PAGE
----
How noticeable was the protest movement during your trip?
Omer: When things were beginning, Gabrielle and I would go past that park. But everything went downhill the morning I got on the plane to go back to the States. It seemed like in one day it spread to 31 cities in Turkey, which is a lot because there are only 81 total cities in Turkey.
Gabrielle: Yea, I came back on May 24, and Omer came back on May 31. So when I came back nothing was really going on, but the day he came back I was getting really worried.
How much are the protests/demonstrations disrupting everyday life in Istanbul?
Omer: When things were beginning, it was quiet. But once everything went downhill and people started rioting and the police started with these water cannons and tear-gasses, it started to affect people’s regular life.
Like, my Mom went to a bar last Saturday. And I told her on the phone “Don’t go!” because the bar was downtown [near the square]. And she said, “Oh, but I checked the news, people right now are singing and stuff in the square.” And I said, “Well, yeah, but that doesn’t mean the cops aren’t going to start attacking them.” So she took the chance to go to the bar, and when she was about to come out of the bar, the cops started throwing tear-gasses and she got stranded in the bar until 3 AM.
If Gabrielle and I had gone a week later it would have been bad. We wouldn’t have done any sightseeing at all because all the tourist areas of the city are now war zones. If I had been there by myself I probably would have gone to protest, but I’m not going to do that with Gabrielle.
Do you think these protests have more in common with the Occupy movement or the Arab Spring protests?
Omer: I think they’re similar to Occupy in the way that both protests want to point out ideas and opinions. But they’re different in that people over here [in the U.S.] can express their ideas, but in Turkey they can’t express their ideas. Also, I think the Turkey protestors cross more social, ideological, religious, and class divides than the Occupy protestors did. They are Turks, Kurds, Armenians, Sunnis, communists, capitalists, gays, lesbians, straights, girls in headscarves, and girls with tattoos all over their bodies. There’s a ton of people. Even soccer team supporters who would usually fight each other when they see each other in jerseys. Everyone’s united against him. In Istanbul square, except for times they’re running away from water cannons and stuff, they sing, dance, read books. It’s like a festival.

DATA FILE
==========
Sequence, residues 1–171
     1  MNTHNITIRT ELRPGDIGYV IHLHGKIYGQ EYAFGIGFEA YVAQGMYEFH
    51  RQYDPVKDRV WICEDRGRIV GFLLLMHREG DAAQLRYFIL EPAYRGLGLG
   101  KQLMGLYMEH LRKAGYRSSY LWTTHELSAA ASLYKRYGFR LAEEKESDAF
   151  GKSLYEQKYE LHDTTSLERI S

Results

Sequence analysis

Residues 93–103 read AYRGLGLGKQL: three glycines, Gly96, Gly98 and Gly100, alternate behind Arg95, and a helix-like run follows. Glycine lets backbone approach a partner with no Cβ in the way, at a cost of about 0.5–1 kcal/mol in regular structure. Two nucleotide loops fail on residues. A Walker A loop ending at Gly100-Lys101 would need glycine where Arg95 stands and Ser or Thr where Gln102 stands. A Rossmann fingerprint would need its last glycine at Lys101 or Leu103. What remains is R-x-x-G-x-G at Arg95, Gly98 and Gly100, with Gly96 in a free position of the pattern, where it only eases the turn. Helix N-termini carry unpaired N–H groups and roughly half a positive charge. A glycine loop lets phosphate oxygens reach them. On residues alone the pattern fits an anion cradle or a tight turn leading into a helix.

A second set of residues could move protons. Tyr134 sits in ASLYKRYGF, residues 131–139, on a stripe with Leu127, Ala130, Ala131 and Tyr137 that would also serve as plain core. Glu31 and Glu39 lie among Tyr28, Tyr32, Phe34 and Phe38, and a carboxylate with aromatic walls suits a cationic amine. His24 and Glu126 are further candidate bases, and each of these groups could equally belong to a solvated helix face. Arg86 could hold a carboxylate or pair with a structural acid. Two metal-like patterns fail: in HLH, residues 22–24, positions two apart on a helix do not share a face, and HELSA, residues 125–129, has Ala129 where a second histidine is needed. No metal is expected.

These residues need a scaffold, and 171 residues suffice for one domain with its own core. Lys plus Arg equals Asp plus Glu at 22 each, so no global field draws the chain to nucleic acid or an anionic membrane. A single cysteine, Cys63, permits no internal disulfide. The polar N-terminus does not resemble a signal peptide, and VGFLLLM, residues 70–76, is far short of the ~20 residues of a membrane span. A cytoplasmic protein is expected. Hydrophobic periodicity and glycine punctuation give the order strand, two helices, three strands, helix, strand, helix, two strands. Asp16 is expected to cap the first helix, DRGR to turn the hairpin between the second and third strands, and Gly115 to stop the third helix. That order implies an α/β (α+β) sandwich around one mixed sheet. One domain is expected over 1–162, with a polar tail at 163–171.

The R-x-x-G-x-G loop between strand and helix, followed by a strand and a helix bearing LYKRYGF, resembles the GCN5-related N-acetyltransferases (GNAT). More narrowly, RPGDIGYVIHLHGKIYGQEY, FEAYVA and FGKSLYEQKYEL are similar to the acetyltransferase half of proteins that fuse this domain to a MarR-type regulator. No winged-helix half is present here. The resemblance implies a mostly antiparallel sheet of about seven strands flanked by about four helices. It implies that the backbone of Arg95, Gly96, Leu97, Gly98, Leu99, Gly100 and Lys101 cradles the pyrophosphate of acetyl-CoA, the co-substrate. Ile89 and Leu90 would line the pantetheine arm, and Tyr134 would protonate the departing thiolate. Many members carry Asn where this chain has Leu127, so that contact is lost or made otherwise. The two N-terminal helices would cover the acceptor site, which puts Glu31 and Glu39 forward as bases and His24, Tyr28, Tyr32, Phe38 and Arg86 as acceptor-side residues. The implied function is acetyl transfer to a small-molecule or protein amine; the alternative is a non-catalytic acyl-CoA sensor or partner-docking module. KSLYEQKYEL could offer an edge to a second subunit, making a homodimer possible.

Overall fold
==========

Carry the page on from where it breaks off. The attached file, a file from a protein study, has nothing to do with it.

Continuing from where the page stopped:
Gabrielle: And it’s different from the Arab Spring because in the countries where the Arab Spring took place, they were mostly dictatorships or theocracies trying to become democracies. But Turkey is already a democracy.
Omer: But the protests are trying to make Turkey more democratic. I would say about 50% of Turkey is secular Muslim, and 50% is intolerant Muslim.
What do you think
about the media coverage? Is it exaggerated or is it accurate?
Omer: Most of the things you see online are coming from people taking videos or from very small Turkish TV channels. The main Turkish news channels—like the equivalent of CNN, BBC or Fox—they don’t show anything. Or they handpick the images of protestors throwing stones against the cops. They’re not showing cops beating people to death or using tear-gas. The reason is that the majority of the media is under the current Prime Minister’s control. And when it initially started, the main media channels didn’t show anything. They were showing soap operas, documentaries about penguins. They’re not doing their job.
And by the way, one of those small TV channels that did have a lot of video coverage of the protests, Hayat TV, was closed by RTURK, the government agency which oversees all media. So one of them is going down, and the other one, Halk TV, is getting a very hefty fine.
How do they justify doing that?
Omer: The government’s reasoning is that one of them showed a live-feed [of the protests] for 24 hours and so the people who saw this got angrier and angrier, and went outside and rage against the cops.
What does your family
think about the protests?
Omer: Well if you were in Turkey and asked my family they would probably be pretty scared to say stuff, especially my mom. Even when we talk on the phone, she says, “I don’t know if we should talk about this stuff because they listen to the phones.” But, long story short, my family thinks the same way I do—they feel resentment, which is felt by 50% of the population who didn’t vote for Erdogan.
Gabrielle: I think there are a lot of people who are scared because over 5,000 people have been injured and 4 people have been killed. That’s not insignificant.
Do you get a sense that this could be a turning point for Turkey? Or is this just people venting a lot of built-up frustration?
Omer: Well, the genie is out the bottle now. And I think these protests are going to continue until the Prime Minister takes a step back. The next election is in seven months. Part of the reason Erdogan was elected a second time is because the other parties are also not so good. So Erdogan might be elected again. But now this government understands that it can’t impose the way they want to live on other people. So I think going forward, there is going to be more democracy, but I wouldn’t be surprised if Erdogan’s party was elected again.
Do you think these protests started in anticipation of the elections coming up, or is it just a coincidence?
Omer: I think it was a coincidence. This was a tipping point after the alcohol laws [which ban ads for alcoholic beverages and require stores selling alcohol to keep it hidden from view]. And then the Prime Minister threatens to build over the last remaining green space in downtown. In Istanbul, the planning is horrible, so you only have this one park for people to go and hang out.